There may, hence, be a slight change of approach at Ibrox with the emphasis on technique to be supplanted by a call to players' basic sense of pride. "Defending the colours", as Caixinha put it on Thursday.

Rangers lacked muscle and desire during last Sunday's Hampden slump. Even the Celtic players appeared pleasantly surprised by the dearth of combat for most of the match.

Caixinha, who admits to the odd sleepless night since arriving in Glasgow, has already been lampooned by sections of the Scottish media. It is unfair given he has only overseen six games, including that sole defeat to Celtic.

Irrespective of today's result, investment at Ibrox - indeed, lots of it - is essentially the only thing to potentially halt the Rodgers' juggernaut. While this is Light Blue coloured wishful thinking, the gulf can be reduced, however, as Caixinha concedes.

As Celtic anticipate crucial, glamorous Champions League qualifiers in July, Rangers must use their imagination and expand; changing a recruitment policy of humdrum mediocrities from the likes of Wigan Athletic and Accrington Stanley might help.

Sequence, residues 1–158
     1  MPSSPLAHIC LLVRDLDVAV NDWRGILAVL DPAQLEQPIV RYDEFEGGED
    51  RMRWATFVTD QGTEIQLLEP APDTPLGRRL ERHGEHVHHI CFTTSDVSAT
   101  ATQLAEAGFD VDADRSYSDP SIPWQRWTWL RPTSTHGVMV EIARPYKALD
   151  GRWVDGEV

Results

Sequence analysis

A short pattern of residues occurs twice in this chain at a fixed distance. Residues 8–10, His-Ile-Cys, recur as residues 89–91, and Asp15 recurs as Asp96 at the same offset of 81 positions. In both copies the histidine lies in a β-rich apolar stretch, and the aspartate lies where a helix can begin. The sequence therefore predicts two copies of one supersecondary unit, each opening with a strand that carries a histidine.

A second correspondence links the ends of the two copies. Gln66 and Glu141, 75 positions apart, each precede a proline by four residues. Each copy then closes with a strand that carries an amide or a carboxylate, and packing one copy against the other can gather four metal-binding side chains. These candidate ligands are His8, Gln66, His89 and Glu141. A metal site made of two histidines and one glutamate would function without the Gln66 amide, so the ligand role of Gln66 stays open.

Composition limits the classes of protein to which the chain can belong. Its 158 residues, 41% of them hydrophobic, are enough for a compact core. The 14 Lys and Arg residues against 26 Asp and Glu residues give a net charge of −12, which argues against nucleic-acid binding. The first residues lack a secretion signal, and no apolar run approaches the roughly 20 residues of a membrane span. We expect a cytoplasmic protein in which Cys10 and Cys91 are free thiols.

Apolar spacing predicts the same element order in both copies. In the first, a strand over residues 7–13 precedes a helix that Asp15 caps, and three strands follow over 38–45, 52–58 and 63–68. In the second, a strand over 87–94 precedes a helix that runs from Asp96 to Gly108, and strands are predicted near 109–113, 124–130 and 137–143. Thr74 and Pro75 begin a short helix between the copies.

Somehow, Caixinha must extort more from the bland collective he has inherited - which is especially challenging considering a slender summer transfer budget. Reading between the lines of the manager's deliberate, focused demeanour, Rob Kiernan, Joe Garner, Harry Forrester, Michael O'Halloran, Martyn Waghorn and perhaps even Lee Wallace and Andy Halliday may feel their Ibrox shelf life expiring.

Celtic's ambitions are, unsurprisingly, bigger and wider. For all that Rodgers has stylised the team this season, maybe it will take the first treble since 2001 to fully reflect his refined signature.

The quality of the attacking football showcased by Scott Sinclair, Moussa Dembele, Stuart Armstrong and, occasionally, much-improved Callum McGregor and Patrick Roberts, deserves complete reward, with only Aberdeen in next month's Scottish Cup final standing in the way.